As we go on, I hope Dunbar, Escobar, Beasley, Williams, and even Witten become a bigger part of the offense. But first, somebody’s going to have to stop Murray and Dez because Linehan won’t stop until they do.
The other side of the ball remains a chemistry lab, and Rod Marinelli's juggling Bunsen burners as fast as he can. It isn’t great, but it’s a much tastier concoction than that slime we fought through last year.
The defense needs edge rushers in the worst way, and Anthony Spencer and DeMarcus Lawrence can’t get here quickly enough. It needs consistency, and it’s obvious that coaches are growing impatient after Mo Claiborne was unceremoniously told he’s fighting with Tyler Patmon for the fourth corner spot. I suggest J.J. Wilcox take careful notice.
Concerns flow through the linebacker corps, which is going through what the defensive line did last year with musical chairs in the M*A*S*H unit. A healthy Rolando McClain, Justin Durant, Bruce Carter, and Kyle Wilber would calm the storm quite a bit.
Special teams continue to shine on the leg of Dan Bailey and the stylish locks of Dwayne Harris. Where would this thing be without those guys?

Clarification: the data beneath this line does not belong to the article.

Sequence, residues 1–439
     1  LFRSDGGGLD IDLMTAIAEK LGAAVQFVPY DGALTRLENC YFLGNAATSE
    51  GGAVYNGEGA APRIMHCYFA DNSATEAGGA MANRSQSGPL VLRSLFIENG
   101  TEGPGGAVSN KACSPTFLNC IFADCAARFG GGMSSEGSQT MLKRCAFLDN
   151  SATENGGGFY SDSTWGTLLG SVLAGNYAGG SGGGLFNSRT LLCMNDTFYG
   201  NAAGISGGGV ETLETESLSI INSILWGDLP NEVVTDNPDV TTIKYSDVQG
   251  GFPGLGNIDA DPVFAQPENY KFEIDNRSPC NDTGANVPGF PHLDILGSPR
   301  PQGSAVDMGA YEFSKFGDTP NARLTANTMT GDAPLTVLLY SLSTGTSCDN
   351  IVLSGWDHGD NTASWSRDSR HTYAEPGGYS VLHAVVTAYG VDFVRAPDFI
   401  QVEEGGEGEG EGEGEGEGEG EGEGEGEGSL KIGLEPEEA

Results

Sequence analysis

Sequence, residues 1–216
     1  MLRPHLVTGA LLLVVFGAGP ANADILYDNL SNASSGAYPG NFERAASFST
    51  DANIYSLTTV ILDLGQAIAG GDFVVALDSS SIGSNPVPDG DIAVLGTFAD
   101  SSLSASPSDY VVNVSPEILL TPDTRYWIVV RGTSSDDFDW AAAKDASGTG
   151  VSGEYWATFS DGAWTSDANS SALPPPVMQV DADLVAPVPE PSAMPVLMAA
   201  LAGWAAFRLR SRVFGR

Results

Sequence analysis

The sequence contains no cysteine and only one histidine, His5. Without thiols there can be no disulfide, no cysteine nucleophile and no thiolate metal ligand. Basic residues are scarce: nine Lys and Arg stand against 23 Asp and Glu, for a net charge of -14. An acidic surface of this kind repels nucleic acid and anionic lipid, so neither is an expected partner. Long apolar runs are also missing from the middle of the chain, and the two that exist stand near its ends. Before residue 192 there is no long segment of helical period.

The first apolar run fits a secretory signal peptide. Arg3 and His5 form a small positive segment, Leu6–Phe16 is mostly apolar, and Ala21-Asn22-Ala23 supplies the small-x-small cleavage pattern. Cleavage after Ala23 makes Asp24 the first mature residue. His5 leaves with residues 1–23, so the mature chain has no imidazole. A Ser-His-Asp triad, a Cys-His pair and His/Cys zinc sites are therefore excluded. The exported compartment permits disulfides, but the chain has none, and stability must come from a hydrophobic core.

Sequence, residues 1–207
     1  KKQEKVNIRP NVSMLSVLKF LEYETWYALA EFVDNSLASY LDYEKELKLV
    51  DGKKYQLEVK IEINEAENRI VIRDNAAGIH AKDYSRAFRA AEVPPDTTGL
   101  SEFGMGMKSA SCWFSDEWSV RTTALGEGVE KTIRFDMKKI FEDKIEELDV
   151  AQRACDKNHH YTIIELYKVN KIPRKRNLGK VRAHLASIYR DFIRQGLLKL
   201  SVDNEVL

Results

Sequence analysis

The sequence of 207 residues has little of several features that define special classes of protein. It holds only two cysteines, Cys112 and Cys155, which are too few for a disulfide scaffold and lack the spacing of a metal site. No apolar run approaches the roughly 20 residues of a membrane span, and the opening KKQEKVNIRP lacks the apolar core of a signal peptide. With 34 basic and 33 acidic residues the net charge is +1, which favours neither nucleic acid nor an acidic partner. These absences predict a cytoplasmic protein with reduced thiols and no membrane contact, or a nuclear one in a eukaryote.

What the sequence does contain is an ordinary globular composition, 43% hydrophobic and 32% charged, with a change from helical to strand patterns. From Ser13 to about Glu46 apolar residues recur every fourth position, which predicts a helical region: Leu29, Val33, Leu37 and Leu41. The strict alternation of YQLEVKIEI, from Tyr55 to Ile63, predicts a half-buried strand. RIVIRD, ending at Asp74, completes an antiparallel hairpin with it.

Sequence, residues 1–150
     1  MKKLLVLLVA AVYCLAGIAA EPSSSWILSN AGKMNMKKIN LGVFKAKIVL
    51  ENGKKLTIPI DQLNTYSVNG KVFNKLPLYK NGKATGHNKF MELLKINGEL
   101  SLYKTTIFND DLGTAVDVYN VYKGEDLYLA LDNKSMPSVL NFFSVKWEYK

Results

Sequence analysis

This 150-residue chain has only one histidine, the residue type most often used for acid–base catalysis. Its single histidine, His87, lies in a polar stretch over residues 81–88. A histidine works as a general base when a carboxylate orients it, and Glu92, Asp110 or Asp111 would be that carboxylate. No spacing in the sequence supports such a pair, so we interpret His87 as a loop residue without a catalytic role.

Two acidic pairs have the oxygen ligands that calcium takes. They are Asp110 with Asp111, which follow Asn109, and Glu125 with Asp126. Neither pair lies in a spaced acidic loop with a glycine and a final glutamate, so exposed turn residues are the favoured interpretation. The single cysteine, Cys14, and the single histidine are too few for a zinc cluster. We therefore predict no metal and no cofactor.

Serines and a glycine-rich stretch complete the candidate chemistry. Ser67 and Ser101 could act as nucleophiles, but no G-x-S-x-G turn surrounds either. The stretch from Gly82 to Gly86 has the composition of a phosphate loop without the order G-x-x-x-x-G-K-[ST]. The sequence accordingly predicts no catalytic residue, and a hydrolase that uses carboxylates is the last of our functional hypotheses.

So this begs for a prediction, so here goes. I have a good feeling about Sunday night and a Cowboys win, and if that pans out, I also feel like Dallas will play well in a loss in Seattle. An ugly game Sunday would hint of an 0-3 run, but I don't see that happening. The key is to get to 4-2 with three home games to follow, and the season will head in the right direction from there; 3-3 doesn’t bode well going forward with a heavy road schedule waiting late.
My optimism lies in the starkly different approach of Linehan, which helps Marinelli and the defense. My pessimism comes from multiple and repetitive blind-folded kicks to the groin in recent years. Injuries, of course, will have a mighty say in it all.
The season truly begins Sunday. Dallas 31, New Orleans 30.
Tony Pollard is Just What the Doctor Ordered in Dallas
The Dallas Cowboys have what many believe to be the best running back in the NFL in Ezekiel Elliott. However, you can never undervalue the importance of depth at any position. When the fourth round of the 2019 NFL Draft came around, the Cowboys added another weapon to the backfield by selecting Tony Pollard out of Memphis.